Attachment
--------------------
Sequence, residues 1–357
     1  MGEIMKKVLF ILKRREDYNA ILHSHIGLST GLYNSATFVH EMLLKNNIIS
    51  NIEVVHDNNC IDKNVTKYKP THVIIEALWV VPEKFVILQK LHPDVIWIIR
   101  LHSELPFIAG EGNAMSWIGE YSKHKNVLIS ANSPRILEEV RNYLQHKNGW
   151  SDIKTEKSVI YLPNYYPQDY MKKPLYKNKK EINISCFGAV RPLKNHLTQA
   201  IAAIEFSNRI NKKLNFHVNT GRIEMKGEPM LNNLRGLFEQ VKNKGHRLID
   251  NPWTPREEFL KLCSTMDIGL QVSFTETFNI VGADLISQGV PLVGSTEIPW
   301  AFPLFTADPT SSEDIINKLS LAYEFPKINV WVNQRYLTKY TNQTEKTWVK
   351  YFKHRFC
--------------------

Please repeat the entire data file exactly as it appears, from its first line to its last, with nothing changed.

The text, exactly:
Sequence, residues 1–357
     1  MGEIMKKVLF ILKRREDYNA ILHSHIGLST GLYNSATFVH EMLLKNNIIS
    51  NIEVVHDNNC IDKNVTKYKP THVIIEALWV VPEKFVILQK LHPDVIWIIR
   101  LHSELPFIAG EGNAMSWIGE YSKHKNVLIS ANSPRILEEV RNYLQHKNGW
   151  SDIKTEKSVI YLPNYYPQDY MKKPLYKNKK EINISCFGAV RPLKNHLTQA
   201  IAAIEFSNRI NKKLNFHVNT GRIEMKGEPM LNNLRGLFEQ VKNKGHRLID
   251  NPWTPREEFL KLCSTMDIGL QVSFTETFNI VGADLISQGV PLVGSTEIPW
   301  AFPLFTADPT SSEDIINKLS LAYEFPKINV WVNQRYLTKY TNQTEKTWVK
   351  YFKHRFC